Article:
The project will also engage an external company to perform security audits, create development practices and processes, and provide ongoing review and threat analysis of future proposed changes.

It has proposed a bug bounty program and will offer a $100,000 reward (in BCH) to Cory Fields, the Bitcoin Core contributor who reported a critical vulnerability in the Bitcoin Cash protocol last week.

Bitcoin SV, Bitcoin Cash (BCH) and Bitcoin (BTC)

It’s important to note that none of these developments will affect the Bitcoin blockchain that currently has the majority of mining hashpower and highest market cap: Bitcoin (BTC), which runs mostly on the Bitcoin Core protocol software.

Both Bitcoin (BTC) and Bitcoin Cash (BCH) communities claim to represent the “true” Bitcoin and both often use the single-word “Bitcoin” to describe their preferred versions. This has often caused confusion for newcomers unaware of the original August 2017 split, or ongoing differences.

Railway track fork

Is the BCH Community Due for a Schism?

The BCH community has regularly pointed to its family of protocol software developers as a symbol of cooperation and innovation. But it was perhaps inevitable that visions would diverge at some point, as the BCH community grew and use cases evolved.

Noticeable recently has been a public disagreement between nChain/CoinGeek and the Bitcoin ABC team, led by Amaury Sechet (a.k.a. “deadalnix”). The teams have posted contradicting articles on the benefits or risks of introducing Canonical Transaction Ordering (CTOR) to Bitcoin Cash.

Like the earlier split between Bitcoin BTC and Bitcoin Cash BCH, the argument often spilled over into the social media feeds of the sides’ supporter groups.

With CTOR due to be officially implemented into the BCH protocol via Bitcoin ABC in the November 2018 upgrade, nChain and CoinGeek have acted swiftly to nix the proposed changes, which they claim do not assist speed or scaling in a meaningful way — or at least need further examination.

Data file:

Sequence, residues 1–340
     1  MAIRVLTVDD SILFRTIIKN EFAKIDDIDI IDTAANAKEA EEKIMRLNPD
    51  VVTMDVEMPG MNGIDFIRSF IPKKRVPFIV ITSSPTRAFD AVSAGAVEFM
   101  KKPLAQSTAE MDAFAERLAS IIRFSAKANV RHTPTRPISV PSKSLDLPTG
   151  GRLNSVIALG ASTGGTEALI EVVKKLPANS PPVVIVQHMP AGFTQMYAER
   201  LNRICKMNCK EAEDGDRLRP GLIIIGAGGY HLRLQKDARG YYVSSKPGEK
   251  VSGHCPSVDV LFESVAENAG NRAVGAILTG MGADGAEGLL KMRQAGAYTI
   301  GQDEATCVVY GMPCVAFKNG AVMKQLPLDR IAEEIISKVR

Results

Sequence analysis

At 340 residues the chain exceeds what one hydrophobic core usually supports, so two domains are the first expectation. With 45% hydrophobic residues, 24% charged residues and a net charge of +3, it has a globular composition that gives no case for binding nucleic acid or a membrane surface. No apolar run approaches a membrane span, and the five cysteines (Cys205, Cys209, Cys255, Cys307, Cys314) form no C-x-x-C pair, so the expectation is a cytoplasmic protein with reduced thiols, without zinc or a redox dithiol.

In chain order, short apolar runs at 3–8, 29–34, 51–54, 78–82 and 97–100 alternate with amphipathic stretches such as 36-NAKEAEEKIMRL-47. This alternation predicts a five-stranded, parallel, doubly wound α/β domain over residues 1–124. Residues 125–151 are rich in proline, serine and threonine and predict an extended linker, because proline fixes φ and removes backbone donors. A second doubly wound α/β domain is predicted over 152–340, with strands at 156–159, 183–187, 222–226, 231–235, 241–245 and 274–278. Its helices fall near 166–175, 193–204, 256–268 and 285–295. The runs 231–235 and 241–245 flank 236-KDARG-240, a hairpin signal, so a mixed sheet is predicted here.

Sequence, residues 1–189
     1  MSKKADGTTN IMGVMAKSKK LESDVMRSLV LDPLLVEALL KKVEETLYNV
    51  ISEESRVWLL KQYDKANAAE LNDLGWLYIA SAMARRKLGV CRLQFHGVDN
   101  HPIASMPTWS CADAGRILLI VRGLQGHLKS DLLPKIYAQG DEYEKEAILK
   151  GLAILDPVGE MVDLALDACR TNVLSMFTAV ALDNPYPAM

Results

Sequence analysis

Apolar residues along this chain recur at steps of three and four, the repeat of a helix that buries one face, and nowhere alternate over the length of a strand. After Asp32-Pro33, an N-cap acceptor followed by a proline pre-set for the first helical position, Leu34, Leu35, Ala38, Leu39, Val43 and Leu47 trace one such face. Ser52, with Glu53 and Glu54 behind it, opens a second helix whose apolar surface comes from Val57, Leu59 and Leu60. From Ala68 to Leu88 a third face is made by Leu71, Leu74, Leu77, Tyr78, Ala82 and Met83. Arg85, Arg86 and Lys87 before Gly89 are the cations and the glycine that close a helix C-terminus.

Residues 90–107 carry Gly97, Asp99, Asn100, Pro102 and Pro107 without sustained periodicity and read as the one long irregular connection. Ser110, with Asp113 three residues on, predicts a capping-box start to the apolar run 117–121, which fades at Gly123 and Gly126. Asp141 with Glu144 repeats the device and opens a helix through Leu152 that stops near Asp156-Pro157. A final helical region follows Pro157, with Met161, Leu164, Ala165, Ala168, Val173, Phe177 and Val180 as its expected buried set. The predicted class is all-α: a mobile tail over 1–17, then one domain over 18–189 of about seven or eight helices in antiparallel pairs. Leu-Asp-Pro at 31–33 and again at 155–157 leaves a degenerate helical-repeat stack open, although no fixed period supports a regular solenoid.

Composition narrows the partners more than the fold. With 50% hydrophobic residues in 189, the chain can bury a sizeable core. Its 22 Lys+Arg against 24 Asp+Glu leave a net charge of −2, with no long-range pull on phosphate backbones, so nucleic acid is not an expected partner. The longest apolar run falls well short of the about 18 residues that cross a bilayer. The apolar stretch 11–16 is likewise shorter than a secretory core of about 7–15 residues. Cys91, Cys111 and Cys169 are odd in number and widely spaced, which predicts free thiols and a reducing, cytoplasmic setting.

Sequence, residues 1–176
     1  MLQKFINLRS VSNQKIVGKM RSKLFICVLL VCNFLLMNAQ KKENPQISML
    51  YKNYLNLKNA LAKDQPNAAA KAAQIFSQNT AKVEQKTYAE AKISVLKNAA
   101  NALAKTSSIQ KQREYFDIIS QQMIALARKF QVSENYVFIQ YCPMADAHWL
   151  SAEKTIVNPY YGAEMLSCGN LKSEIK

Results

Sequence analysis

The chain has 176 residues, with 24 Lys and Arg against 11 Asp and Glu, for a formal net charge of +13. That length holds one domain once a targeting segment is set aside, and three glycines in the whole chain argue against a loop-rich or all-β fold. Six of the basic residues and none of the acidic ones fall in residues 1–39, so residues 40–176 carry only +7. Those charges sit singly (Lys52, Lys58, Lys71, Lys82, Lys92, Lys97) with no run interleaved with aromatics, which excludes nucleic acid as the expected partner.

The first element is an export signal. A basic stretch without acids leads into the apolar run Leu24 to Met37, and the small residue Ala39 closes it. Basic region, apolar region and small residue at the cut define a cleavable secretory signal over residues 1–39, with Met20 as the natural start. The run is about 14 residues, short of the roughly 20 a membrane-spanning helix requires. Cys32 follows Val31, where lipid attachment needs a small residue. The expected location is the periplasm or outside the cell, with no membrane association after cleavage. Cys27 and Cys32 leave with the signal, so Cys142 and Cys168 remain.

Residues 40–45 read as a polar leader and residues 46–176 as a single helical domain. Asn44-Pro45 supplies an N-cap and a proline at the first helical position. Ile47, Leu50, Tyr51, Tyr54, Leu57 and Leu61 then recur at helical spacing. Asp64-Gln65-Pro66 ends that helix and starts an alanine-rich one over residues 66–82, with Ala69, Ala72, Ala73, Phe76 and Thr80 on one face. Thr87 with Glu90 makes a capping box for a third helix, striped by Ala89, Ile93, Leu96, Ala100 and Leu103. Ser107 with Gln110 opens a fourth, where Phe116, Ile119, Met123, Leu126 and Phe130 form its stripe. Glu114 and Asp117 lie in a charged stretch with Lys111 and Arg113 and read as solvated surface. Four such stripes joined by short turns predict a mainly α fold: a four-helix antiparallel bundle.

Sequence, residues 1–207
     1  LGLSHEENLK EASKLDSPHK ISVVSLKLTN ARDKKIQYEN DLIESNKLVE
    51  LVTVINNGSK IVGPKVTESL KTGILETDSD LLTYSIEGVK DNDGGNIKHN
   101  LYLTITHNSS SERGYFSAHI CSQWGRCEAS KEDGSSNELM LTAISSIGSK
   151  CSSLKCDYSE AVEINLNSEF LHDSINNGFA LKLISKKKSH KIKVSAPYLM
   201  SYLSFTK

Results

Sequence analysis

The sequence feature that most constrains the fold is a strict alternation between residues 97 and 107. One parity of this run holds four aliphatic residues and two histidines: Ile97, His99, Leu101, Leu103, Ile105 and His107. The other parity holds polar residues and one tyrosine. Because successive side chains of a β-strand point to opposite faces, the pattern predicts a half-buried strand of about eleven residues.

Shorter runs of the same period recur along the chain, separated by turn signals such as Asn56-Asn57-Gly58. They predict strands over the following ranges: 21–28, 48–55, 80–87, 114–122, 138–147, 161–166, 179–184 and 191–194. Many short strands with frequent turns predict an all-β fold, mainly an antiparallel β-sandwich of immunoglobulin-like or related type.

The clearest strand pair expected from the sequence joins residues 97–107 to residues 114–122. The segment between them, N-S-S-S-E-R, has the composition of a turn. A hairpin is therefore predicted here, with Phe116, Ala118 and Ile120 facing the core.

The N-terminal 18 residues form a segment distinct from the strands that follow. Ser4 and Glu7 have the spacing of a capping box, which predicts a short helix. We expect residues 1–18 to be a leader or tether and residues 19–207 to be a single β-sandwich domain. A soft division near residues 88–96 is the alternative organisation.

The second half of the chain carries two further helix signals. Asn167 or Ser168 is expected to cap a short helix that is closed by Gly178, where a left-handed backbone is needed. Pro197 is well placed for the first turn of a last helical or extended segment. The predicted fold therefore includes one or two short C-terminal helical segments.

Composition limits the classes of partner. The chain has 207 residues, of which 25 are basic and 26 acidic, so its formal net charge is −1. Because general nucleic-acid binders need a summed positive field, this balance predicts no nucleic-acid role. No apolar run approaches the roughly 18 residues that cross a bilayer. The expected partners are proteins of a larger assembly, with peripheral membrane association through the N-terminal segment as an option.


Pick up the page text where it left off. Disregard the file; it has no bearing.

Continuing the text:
CoinGeek has also promised to back the new protocol with its own mining operations, running Bitcoin SV exclusively.

However not all BCH fans and followers greeted nChain’s announcement with enthusiasm. Some have accused the company of attempting to steer BCH development via its technology patents and preferred partners, rather than foster competition:

The accusations echo those many BCH supporters have leveled against Blockstream and its support for small transaction blocks and sidechains, plus financial assistance to Bitcoin Core BTC developers over the past few years.

Others noted that the very nature of open source software means any team of any size is free to propose changes, fork the project, or attempt to win over a majority of miners, users and investors.

The only thing for certain is debates over future development versus purity of original visions will continue for years to come, just as they have in the world’s major religions for thousands of years.

What’s your take on the best way to change, or not change, Bitcoin? Let’s hear your thoughts in the comments.


Images via nChain, Pixabay